Addressing the 2020 GTI Summit virtually, Ekholm said that the killer 5G app will not be evident until the infrastructure is in place. “We do know that the killer app will be clear once the infrastructure has been built out and that will create multiples of value compared to the infrastructure itself.”
Ekholm pointed out that during the 4G era, many tried to identify the killer app, but no one could envisage that transportation would be arranged through ride-hailing apps, food and clothes ordered through mobile, and movies downloaded and played from the palm of your hand.
Ekholm said that it will be the same with 5G. As large-scale construction begins and operations mature, the killer app of the 5G era will soon emerge and transform the world.
Next three years critical to 5G landscape
Ekholm said the next three years will be critical in determining the make-up of the 5G landscape. Ericsson research shows that operators who took the lead in launching 4G technology and 4G networks were able to outlast and out-perform those who arrived late to the game.
By analyzing 4G lifecycle data across more than 30 countries, Ericsson discovered that high-quality network leaders consistently delivered both higher output and lower churn. With 5G, quality mobile connectivity will become even more important, as this technological transition will serve as a breakthrough opportunity for service providers to move ahead.
190 million 5G subscribers expected in 2020
The latest Ericsson Mobility Report forecasts 190 million 5G subscribers by the end of 2020, with numbers increasing to 2.8 billion by the end of 2025. This will make 5G the fastest scaling technology ever. It also forecasts 160 million fixed wireless access (FWA) connections by the end of 2025, accounting for approximately 25 percent of all traffic.
Another Ericsson study found that most consumers are willing to pay a 20 percent price premium for 5G, but this is dependent on two factors: first, an enhanced consumer experience, in which the difference between 4G and 5G are clear and noticeable. Secondly, new and unique 5G use cases that are bundled with 5G subscriptions.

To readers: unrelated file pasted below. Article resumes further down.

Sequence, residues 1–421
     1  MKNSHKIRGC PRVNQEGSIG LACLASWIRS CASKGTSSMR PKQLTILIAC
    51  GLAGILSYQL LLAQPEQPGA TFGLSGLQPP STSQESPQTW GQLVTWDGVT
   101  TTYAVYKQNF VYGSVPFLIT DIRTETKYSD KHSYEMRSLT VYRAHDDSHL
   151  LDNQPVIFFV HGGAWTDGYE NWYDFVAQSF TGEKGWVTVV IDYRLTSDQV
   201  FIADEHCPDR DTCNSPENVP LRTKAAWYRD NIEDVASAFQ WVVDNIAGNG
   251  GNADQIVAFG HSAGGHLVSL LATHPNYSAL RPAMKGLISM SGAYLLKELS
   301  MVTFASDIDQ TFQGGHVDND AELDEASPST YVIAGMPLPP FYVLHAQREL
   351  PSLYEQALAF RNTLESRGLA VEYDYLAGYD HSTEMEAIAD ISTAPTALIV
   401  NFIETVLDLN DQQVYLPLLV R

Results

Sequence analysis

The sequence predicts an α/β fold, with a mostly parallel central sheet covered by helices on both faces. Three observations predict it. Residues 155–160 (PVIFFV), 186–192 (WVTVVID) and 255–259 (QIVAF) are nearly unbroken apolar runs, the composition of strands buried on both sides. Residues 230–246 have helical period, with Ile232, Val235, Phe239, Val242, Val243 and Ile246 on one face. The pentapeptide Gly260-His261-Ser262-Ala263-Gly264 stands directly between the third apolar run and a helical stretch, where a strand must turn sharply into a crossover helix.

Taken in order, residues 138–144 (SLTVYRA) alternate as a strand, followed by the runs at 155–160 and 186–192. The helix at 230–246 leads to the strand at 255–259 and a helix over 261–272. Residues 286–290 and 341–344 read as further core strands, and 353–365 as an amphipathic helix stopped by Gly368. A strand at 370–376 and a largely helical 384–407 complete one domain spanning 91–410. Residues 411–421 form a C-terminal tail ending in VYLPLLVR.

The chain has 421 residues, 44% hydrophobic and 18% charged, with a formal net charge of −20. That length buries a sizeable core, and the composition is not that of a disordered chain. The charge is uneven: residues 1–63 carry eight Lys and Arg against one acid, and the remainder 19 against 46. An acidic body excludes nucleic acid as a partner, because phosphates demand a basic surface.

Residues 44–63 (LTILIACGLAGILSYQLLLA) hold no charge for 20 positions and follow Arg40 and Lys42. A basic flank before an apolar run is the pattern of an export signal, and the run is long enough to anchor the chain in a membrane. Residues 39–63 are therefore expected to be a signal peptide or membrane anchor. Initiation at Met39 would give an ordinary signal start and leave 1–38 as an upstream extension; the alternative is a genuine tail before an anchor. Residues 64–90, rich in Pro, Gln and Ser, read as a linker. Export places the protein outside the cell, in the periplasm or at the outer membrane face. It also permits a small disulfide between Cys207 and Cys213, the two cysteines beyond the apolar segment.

Ekholm also said that industry digitization will generate an estimated USD 700 billion market opportunity for service providers by 2030, equivalent to approximately 35 percent of current industry revenue. Moreover, Ericsson found that 70 percent of enterprises are seeking to engage with a non-telecoms service provider, while a third already consider communications service providers as an important partner in their digitization efforts.
The opportunity of private networks
Ekholm highlighted that service providers need to expand beyond traditional mobile network services to capture 5G-enabled revenue. He said that the evolution of cellular IoT and private networks is crucial in establishing momentum for 5G-enabled businesses. Ericsson has established partnerships with multiple tier one operators, such as Telstra, Deutsche Telekom, and Telefónica, to provide dedicated cellular connectivity solutions to their customers.
In China, Ericsson is a partner of the top three service providers and is actively working with each to explore 5G applications in different industries. In 2019, Ericsson signed an agreement with China Mobile and Shaoguan Steel Group in Guangdong to jointly build a 5G smart mill and explore 5G industrialization. Ericsson also deployed its Ericsson Dedicated Networks platform to connect more than 10,000sq m, in cooperation with China Mobile.
Ericsson’s factory in Nanjing is one of the most advanced manufacturing facilities of the group and in the world. It has integrated cellular IoT, Industry 4.0 and AI tools into most of its production, setting a leading example for smart manufacturing.
Ekholm said Ericsson is proud to have such a long history in China, one that dates back more than 120 years.
Ekholm says: “Imagine the potential here in the China market, with its hundreds of millions of 5G subscribers. We, at Ericsson, are delivering the right technology to build better 5G, not just for today but also tomorrow.”